Variable annuities are hybrid investment vehicles that allow you to grow your original investment, like a mutual fund does, but also will pay a benefit to your heirs when you die, like a life insurance policy does. When markets are good, your original investment in the variable annuity will grow until you retire or reach age 59 1/2, at which time you can begin withdrawing the money or convert it to a conventional annuity, which pays you a fixed amount each year for a set time period, such as the rest of your life. However, if markets decline, you could end up with an annuity that’s worth less than your original investment. In that situation, the only way to claim this loss on your income tax return is to sell, or “surrender” your annuity.
Determine the cost basis of your annuity. This is the amount you originally put into the annuity, minus any withdrawals from the principal you made from the annuity. You should include both your initial investment and any additional investments you made over the years in your cost basis.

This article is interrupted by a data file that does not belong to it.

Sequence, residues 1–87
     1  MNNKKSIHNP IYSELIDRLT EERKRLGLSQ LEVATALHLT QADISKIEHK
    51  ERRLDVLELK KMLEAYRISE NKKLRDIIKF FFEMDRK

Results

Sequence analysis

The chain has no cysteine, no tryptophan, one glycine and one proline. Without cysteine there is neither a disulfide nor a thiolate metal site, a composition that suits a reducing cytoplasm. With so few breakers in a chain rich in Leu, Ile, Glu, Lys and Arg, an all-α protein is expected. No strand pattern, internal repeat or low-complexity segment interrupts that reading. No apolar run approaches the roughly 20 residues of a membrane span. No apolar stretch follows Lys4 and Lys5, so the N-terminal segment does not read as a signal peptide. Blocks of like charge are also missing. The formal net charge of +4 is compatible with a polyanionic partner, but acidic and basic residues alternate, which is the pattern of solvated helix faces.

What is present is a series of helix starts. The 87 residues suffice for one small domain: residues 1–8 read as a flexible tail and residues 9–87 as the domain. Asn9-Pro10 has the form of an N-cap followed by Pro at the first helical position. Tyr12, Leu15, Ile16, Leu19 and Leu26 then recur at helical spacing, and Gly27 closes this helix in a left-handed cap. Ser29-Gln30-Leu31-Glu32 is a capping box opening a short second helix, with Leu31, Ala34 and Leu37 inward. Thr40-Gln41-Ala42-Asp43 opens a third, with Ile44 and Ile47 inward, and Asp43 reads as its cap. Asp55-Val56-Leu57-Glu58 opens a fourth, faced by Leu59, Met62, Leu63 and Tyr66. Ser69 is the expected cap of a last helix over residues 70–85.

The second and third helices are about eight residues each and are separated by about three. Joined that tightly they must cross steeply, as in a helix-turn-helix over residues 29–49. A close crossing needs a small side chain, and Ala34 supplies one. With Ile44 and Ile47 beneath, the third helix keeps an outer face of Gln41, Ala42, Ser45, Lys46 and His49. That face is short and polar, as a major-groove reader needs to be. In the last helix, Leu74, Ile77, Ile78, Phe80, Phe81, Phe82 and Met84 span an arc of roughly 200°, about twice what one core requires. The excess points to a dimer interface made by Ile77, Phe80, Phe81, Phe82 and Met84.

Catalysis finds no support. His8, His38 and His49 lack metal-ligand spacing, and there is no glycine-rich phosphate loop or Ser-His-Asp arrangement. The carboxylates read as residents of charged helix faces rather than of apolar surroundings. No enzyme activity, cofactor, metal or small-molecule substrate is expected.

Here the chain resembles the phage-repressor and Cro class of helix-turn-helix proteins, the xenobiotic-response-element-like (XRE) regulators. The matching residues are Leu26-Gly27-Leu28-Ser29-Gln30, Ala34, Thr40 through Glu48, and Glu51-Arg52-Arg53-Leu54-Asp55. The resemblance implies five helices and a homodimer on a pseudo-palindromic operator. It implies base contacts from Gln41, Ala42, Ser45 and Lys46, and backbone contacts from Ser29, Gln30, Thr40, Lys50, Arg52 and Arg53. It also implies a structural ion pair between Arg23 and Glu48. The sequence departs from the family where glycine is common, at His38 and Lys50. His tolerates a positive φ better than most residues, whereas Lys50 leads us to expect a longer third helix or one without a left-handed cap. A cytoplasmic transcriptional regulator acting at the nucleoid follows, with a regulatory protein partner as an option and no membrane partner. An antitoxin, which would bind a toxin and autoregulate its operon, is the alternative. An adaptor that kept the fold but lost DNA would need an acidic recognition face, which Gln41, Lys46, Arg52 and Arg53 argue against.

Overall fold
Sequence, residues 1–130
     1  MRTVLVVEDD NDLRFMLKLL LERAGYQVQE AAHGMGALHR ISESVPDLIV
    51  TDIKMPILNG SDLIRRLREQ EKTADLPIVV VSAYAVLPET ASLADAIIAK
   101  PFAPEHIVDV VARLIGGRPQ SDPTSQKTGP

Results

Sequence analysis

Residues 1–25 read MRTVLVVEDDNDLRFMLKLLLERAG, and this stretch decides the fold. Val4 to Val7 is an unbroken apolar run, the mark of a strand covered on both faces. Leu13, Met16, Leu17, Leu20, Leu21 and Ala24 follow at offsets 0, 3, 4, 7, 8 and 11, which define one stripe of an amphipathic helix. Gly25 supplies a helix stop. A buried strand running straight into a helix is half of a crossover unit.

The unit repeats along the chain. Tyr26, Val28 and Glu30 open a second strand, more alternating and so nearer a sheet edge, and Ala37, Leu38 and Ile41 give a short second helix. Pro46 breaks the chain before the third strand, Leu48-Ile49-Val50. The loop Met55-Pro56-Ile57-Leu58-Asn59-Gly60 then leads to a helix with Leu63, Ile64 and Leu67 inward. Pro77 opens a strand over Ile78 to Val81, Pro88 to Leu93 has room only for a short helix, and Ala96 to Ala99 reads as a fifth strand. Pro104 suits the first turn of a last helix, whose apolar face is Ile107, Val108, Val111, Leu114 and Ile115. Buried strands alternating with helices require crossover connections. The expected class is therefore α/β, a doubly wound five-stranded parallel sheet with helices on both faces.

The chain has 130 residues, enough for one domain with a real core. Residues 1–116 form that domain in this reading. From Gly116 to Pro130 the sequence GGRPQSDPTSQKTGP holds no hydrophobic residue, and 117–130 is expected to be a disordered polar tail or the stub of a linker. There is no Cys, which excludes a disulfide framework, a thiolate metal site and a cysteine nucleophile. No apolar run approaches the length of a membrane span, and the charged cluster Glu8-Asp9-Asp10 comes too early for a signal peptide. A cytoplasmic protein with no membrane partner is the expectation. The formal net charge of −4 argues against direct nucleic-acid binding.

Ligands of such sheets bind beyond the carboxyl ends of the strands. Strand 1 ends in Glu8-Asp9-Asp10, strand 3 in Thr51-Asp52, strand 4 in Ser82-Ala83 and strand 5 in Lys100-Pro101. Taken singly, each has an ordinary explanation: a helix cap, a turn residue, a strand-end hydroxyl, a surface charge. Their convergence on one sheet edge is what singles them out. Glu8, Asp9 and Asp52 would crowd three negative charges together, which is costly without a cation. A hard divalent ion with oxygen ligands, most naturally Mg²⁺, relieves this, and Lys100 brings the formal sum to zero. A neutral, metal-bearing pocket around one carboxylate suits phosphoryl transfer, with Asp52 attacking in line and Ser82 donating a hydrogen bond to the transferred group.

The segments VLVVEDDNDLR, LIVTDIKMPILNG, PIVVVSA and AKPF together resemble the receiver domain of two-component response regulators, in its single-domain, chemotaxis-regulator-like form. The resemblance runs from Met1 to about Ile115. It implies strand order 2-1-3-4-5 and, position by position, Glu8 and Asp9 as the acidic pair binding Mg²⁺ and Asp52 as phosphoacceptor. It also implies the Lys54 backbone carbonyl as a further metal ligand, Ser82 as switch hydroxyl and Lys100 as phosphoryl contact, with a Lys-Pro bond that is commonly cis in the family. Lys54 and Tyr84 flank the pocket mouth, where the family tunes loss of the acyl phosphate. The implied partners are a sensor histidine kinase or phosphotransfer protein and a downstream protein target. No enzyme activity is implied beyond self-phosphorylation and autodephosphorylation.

Figure your loss. Subtract the amount you realized from the sale of the annuity from your cost basis. The company that issued your annuity may charge you a surrender charge – a percentage of the value of the annuity – when you sell the annuity. You may not deduct this charge as part of your loss from your tax returns. Usually, the annuity company deducts this surrender charge from the proceeds of the sale. If you paid a surrender charge, you’ll need to add it back in to reflect the true total you realized from the sale of your annuity.
List the loss under Miscellaneous Deductions on your Form 1040. This is line 28 of Schedule A -- Itemized Deductions, of Form 1040 for 2011. You will only be able to deduct the portion of your total miscellaneous deductions that exceeds 2 percent of your adjusted gross income.
- The IRS does not consider a loss from the surrender of a variable annuity as an investment loss, but rather an ordinary loss. IRS Publication 575, Pension and Annuity Income, states “A loss under a nonqualified plan, such as a commercial variable annuity, is deductible in the same manner as a lump-sum distribution.” That is, the loss must be treated as part of your miscellaneous deduction.
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